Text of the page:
DEPRESSION IS NOT A CHOICE

“The kindness that’s shown to me by doctors as well as my family, and my friends, it’s really saved my life”
Lady Gaga

The current pandemic and the resulting global economic recession have negatively affected people’s mental health: social isolation and job loss are triggering mental health conditions. Trajectories of anxiety and depressive symptoms and trends in suicide have soared due to the outbreak of Covid-19 disease. As per a study conducted in the United States, depressive symptoms were three times higher during Covid-19 lockdown than before the pandemic. Some researchers revealed that loneliness and social isolation are more deadly than obesity or smoking.

Depression is a common mental disorder. It does not discriminate between people: depression knows no boundaries of age, gender, wealth, or status. Mental disorders are more common than we may think. They affect about 300 million people worldwide, that is to say, more than heart disease and cancer combined. One out of four women and one out of ten men experience depression at some point in their lifetime. Several celebrities, including Jim Carrey, Lady Gaga, and Michael Phelps, have battled depression.

Nobody chooses to have depression. The risk of developing depression is exacerbated by childhood trauma, such as violence, neglect, or sexual abuse; physical illness; poverty and unemployment; or life events, such as the death of a loved one or a relationship break-up. For instance, people who have recently lost their job are at greater risk for depression. Similarly, sexual assault victims are more likely to suffer from anxiety and depression; a study revealed that people who have experienced rape or sexual abuse are three times more likely than non-victims of crime to have ever had a major depressive episode in their lifetime. According to the same research, rape victims are 13 times more likely than non-crime victims to have attempted suicide. Other forms of depression may appear out of the blue, without perceptible cause.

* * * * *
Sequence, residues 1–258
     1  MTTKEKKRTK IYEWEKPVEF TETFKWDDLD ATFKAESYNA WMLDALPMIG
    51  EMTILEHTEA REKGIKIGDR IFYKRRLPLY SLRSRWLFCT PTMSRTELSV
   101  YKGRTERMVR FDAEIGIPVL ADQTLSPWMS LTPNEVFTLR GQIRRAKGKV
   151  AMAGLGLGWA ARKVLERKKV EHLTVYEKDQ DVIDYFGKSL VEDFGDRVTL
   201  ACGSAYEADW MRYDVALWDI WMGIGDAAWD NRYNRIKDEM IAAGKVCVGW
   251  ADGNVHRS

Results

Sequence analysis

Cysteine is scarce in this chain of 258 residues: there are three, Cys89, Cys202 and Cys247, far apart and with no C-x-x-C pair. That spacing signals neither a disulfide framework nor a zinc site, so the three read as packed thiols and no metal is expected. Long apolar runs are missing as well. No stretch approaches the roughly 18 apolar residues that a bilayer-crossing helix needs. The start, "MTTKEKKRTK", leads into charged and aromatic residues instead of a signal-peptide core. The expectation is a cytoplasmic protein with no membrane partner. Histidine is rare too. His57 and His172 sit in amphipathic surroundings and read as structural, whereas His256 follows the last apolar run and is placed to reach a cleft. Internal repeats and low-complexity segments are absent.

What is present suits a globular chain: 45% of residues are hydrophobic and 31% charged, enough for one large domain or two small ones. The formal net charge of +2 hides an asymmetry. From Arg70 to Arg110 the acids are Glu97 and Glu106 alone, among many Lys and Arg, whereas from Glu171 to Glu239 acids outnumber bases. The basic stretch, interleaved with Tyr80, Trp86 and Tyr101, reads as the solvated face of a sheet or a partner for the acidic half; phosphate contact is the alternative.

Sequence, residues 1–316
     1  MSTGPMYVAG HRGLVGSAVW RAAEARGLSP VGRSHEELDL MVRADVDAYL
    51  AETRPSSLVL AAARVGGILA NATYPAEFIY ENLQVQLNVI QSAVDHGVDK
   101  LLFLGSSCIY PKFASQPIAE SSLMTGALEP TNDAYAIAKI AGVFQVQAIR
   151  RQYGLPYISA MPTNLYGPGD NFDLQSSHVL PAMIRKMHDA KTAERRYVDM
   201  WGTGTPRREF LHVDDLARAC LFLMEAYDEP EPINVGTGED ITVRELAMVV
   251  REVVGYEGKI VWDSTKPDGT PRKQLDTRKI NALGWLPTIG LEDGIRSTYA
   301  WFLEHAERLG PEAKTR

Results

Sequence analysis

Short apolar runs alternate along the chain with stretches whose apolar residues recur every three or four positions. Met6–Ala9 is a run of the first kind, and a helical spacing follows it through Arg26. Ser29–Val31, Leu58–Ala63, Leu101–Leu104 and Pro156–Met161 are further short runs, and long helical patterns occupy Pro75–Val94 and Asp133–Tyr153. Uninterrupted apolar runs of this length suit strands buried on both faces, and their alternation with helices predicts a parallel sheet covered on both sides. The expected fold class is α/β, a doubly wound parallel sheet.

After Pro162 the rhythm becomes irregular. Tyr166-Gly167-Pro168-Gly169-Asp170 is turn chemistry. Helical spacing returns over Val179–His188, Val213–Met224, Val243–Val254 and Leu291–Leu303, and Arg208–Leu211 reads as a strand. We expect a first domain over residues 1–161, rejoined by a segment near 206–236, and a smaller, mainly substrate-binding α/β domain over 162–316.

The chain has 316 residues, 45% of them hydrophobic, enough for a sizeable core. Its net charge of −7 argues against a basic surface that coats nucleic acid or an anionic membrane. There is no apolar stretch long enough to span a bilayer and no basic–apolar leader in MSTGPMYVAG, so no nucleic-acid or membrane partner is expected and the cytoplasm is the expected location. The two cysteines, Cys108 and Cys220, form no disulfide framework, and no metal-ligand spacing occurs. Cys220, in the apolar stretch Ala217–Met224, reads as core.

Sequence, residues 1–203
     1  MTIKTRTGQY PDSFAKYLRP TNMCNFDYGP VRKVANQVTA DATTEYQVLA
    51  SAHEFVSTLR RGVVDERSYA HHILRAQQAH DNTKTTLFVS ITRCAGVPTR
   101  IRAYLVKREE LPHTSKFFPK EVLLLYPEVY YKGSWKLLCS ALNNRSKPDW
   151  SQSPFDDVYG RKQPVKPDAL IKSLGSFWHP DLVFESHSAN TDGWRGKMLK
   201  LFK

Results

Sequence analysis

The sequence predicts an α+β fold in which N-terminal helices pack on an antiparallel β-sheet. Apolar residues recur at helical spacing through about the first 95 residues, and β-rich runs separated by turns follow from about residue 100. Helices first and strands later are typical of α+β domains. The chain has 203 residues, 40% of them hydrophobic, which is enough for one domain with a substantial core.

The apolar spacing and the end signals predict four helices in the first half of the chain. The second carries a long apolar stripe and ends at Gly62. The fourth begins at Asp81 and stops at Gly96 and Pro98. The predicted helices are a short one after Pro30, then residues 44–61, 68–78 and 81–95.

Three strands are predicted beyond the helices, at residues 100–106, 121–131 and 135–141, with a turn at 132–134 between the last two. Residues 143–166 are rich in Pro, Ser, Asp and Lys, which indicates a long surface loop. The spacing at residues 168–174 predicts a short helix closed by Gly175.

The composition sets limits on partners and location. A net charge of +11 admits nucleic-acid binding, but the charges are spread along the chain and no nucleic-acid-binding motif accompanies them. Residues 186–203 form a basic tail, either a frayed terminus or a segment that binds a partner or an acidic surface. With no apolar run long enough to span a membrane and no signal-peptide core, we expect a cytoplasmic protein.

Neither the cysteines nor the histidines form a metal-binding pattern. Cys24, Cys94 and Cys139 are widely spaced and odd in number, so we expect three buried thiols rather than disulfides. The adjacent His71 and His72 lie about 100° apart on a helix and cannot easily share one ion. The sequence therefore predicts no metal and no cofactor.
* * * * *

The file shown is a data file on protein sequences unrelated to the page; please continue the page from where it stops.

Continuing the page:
Unlike most physical illnesses, depression is not visible to other people. Most depressed people look like everyone else: people struggling with depression are not always sad; they can smile, laugh, and joke a lot while hiding their suffering. Depression causes the brain to stop functioning normally as it affects many important parts of this central organ. The combination of genetic and environmental factors causes an imbalance in brain chemicals.

Symptoms of clinical depression can appear in many different forms. Depression is characterized by intense low mood and sadness that is frequently accompanied by low self-esteem, a loss of interest in previously enjoyable activities, tiredness, appetite loss or gain, disturbed sleep, and poor concentration. These symptoms are persistent over prolonged periods of time, generally several weeks or years. It can have a severe impact on people’s daily life as many people suffering from depression often can’t function in the most basic tasks, like showering or brushing teeth. They have frequent mood swings and carry symptoms around like a heavy burden on their shoulders. Depression also affects people’s work, social life, and personal relationships. In many cases, this mental disorder generates more suffering and disability than any other disease. Yet, symptoms of ongoing mental distress often go unnoticed.